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David Tepper says Panthers will try to win, impairment to draft status be damned

Mike Florio and Myles Simmons dive into the Panthers' decision to fire Matt Rhule, analyzing the timeline of the situation, why transitioning to the NFL level is so challenging for college coaches and more.

The NFL’s approach to tanking can be summarized like this: We know you do it, just don’t talk about it.

On Monday, Panthers owner David Tepper wisely didn’t talk about it during his press conference regarding the firing of coach Matt Rhule.

Asked by Darin Gantt of how Tepper balances the team’s current draft position (No. 1 overall) with winning games, Tepper said exactly what he should have said.

“There’s no way that every day you can’t go in with a winning attitude, and there’s no other way to be,” Tepper said. “You have to try to win, all the time. You have to try to win for the players. You have to try to win for the fans. And, yes, I understand what it is about draft picks and getting quarterbacks and stuff like that, and I understand the importance of quarterbacks in this league. But you have to try to win always.”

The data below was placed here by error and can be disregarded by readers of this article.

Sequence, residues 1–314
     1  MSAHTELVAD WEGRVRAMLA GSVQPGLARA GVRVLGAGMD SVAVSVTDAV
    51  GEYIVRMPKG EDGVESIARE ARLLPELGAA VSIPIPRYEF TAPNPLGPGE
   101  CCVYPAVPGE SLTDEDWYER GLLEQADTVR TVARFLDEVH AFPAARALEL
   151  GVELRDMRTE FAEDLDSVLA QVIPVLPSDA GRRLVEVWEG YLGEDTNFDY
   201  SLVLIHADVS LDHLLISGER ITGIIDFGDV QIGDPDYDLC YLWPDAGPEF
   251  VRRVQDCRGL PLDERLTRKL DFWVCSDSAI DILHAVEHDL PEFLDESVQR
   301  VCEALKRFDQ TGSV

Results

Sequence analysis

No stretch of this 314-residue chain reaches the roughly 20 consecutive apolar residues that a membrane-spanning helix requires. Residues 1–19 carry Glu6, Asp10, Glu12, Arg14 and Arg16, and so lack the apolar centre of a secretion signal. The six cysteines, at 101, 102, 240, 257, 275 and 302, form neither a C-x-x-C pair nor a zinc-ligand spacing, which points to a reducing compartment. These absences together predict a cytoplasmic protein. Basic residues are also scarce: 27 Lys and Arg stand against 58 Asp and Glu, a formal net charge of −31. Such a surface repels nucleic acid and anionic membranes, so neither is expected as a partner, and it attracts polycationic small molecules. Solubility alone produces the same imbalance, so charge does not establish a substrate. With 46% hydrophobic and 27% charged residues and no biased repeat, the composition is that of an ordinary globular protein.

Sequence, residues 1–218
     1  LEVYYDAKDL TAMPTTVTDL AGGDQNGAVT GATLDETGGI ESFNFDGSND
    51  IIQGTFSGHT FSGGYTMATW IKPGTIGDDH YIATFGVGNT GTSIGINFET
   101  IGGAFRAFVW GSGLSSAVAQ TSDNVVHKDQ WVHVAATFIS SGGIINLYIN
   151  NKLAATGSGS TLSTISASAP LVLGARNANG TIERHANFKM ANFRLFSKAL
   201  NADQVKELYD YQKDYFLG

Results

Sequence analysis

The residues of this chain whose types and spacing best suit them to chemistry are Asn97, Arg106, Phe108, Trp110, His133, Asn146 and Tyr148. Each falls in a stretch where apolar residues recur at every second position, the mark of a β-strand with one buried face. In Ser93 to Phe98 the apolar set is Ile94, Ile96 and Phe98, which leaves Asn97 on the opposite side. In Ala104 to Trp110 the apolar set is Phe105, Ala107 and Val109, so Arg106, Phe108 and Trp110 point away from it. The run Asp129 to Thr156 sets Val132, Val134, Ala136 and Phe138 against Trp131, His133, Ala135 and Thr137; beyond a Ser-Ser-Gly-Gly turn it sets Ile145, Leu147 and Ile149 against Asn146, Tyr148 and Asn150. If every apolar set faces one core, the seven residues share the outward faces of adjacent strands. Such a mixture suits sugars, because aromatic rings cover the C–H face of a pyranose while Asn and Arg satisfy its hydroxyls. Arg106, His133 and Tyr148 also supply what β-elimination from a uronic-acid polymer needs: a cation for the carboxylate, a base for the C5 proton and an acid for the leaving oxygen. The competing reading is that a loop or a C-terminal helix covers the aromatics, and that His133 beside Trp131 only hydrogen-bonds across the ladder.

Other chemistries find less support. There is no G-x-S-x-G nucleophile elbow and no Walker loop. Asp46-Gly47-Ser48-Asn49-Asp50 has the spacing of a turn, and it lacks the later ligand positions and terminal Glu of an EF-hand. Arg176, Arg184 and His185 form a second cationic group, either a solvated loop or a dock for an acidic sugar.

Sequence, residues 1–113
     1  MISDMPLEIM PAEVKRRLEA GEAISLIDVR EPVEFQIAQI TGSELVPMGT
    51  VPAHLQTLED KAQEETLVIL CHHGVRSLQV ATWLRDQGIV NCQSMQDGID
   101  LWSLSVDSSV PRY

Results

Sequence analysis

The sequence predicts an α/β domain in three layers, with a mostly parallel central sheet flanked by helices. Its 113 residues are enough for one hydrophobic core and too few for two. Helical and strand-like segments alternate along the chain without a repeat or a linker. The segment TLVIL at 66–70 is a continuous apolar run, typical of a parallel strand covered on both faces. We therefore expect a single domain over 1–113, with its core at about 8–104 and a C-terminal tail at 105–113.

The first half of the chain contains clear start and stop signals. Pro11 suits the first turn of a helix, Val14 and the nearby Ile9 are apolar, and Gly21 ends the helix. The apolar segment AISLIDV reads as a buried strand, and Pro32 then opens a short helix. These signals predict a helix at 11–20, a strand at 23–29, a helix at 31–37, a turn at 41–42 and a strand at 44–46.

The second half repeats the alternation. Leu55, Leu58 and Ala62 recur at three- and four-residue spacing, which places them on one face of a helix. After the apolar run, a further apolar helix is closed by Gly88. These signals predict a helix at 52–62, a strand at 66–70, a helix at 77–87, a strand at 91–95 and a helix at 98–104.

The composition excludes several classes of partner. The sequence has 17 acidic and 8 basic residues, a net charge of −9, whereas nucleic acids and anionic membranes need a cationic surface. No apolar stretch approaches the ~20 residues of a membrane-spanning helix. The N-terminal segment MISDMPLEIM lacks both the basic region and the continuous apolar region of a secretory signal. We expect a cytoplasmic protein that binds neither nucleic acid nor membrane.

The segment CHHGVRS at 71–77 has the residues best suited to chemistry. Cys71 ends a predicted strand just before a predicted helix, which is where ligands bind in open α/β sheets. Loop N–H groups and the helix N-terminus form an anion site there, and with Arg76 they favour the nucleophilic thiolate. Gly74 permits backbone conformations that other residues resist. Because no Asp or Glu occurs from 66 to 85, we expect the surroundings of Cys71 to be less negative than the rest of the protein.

More accurately, you have to always say you have to try to win always. Whether you actually are trying to win, at the expense of drafting lower, is a different issue.

Many would say that the avoidance of tanking is less about avoiding issues with 345 Park Avenue and more about the overall culture of the team. That there can never be a winning culture if the organization isn’t fully committed in every way, shape, and form to winning.

But the Panthers currently don’t have a winning culture. Tepper said so. That’s one of the main reasons why Rhule is gone. They’re trying to get one. So it could be tempted to continue to let the current culture take its course, and then to pivot to a winning mindset next year, when a new coach is hired.